Stocks ticked higher Monday as investors looked past this weekend’s failed coup attempt in Turkey and nudged the Standard & Poor’s 500 index to another record.
The S&P 500 rose 5.15 points, or 0.2 percent, to 2,166.89. It was the fifth time in the last six days that the index set a closing high. The Dow Jones industrial average rose 16.50, or 0.1 percent, to 18,533.05. The Nasdaq composite rose 26.19, or 0.5 percent, to 5,055.78.
The stock market has been on a mostly upward swing since February, notwithstanding a few setbacks, after shrugging off worries about fragile economies overseas, weaker profits at home and, most recently, Friday’s military uprising in Turkey.
Technology stocks led the way Monday, rising 0.7 percent after SoftBank Group agreed to buy British chip designer ARM Holdings for $32 billion.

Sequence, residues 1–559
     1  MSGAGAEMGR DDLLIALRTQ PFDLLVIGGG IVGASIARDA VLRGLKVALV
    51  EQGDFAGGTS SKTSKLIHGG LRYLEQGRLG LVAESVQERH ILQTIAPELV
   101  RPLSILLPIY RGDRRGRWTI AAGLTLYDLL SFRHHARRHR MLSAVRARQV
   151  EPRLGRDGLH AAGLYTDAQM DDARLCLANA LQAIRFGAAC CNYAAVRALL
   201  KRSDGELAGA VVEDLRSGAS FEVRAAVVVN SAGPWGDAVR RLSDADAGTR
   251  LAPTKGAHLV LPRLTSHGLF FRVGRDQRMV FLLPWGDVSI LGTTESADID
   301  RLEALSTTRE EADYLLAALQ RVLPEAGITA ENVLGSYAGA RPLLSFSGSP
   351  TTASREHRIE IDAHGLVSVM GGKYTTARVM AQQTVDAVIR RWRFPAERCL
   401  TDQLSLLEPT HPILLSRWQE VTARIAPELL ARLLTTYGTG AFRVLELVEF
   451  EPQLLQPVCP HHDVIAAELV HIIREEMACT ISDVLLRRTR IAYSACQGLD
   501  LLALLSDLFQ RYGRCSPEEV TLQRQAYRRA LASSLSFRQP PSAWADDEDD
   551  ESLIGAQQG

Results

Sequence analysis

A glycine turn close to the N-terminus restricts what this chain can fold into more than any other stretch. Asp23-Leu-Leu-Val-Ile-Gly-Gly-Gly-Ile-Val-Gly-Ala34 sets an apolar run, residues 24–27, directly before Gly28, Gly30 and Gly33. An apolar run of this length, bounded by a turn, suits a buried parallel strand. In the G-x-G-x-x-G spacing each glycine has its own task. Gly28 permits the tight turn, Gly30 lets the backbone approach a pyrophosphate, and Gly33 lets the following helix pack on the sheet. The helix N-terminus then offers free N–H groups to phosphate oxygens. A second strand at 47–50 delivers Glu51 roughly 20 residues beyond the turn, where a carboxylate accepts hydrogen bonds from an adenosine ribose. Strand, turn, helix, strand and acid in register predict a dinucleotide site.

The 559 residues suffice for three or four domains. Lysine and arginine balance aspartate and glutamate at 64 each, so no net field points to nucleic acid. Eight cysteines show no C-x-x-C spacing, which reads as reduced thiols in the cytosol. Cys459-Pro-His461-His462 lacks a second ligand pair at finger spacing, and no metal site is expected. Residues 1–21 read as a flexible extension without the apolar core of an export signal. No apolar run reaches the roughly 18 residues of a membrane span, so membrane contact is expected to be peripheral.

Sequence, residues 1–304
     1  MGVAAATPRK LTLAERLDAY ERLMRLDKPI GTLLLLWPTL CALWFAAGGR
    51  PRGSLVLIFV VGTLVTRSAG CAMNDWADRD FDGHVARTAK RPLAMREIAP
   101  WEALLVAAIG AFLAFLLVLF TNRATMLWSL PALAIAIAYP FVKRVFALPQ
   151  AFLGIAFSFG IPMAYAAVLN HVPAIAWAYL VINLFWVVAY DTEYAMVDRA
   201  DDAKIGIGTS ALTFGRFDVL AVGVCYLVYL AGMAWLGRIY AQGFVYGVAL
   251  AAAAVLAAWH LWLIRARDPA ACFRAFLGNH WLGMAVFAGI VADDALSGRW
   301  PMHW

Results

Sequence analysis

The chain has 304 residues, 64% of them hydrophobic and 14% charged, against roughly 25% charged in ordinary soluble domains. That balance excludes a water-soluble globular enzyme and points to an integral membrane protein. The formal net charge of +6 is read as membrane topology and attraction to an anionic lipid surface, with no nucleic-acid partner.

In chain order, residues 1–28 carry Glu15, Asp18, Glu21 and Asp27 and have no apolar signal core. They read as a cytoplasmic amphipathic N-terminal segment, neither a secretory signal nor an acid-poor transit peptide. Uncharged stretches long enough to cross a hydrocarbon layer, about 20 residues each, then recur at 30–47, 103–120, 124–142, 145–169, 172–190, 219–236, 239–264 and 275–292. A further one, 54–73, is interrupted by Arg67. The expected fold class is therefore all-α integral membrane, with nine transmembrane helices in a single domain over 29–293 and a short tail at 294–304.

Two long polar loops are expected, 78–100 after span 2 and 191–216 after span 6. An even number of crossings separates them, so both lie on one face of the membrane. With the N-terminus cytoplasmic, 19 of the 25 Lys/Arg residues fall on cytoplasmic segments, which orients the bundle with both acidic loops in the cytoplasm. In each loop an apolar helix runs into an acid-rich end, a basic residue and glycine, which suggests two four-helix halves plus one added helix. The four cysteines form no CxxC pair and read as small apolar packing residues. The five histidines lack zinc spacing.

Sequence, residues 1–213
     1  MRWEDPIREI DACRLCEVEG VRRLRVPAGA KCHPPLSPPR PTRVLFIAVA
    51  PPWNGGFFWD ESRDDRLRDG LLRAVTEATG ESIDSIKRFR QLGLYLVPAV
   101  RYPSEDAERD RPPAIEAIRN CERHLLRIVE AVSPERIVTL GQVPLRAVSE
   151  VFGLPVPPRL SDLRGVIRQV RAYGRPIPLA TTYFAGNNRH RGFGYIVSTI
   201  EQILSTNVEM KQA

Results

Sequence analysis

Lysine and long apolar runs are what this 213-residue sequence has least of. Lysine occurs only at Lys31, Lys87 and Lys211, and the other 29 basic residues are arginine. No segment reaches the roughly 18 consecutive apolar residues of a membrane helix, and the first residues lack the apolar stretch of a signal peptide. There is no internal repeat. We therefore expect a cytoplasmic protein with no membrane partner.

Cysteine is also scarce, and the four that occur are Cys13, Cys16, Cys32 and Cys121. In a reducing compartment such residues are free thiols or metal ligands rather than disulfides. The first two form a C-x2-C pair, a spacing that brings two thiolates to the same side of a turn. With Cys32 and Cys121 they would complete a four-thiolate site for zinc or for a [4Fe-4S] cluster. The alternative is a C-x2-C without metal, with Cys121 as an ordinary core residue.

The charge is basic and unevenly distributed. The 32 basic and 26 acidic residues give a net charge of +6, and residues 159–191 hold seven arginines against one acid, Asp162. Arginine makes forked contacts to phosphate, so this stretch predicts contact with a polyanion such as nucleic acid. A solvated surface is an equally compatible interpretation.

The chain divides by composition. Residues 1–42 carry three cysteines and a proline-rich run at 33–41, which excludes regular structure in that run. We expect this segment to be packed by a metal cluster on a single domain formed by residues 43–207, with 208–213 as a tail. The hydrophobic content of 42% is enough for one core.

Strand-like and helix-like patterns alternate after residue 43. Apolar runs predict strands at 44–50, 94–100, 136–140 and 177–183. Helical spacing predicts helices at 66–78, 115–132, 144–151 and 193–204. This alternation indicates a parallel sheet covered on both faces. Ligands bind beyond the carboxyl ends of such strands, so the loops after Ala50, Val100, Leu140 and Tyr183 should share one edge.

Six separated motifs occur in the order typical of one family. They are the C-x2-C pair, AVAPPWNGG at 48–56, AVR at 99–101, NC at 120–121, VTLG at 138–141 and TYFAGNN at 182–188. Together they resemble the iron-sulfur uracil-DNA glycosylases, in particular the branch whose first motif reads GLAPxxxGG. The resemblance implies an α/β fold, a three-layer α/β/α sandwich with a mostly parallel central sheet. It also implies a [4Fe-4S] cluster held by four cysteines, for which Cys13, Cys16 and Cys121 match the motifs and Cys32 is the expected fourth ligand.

Financial stocks gained after Bank of America reported earnings that were better than analysts were expecting. Banks have been struggling with low interest rates, which limit the profits they can earn from making loans.
Bank of America nevertheless reported a smaller decline in earnings than analysts forecast, due in part to higher trading revenue and cost cuts. Its stock rose 45 cents, or 3.3 percent, to $14.11.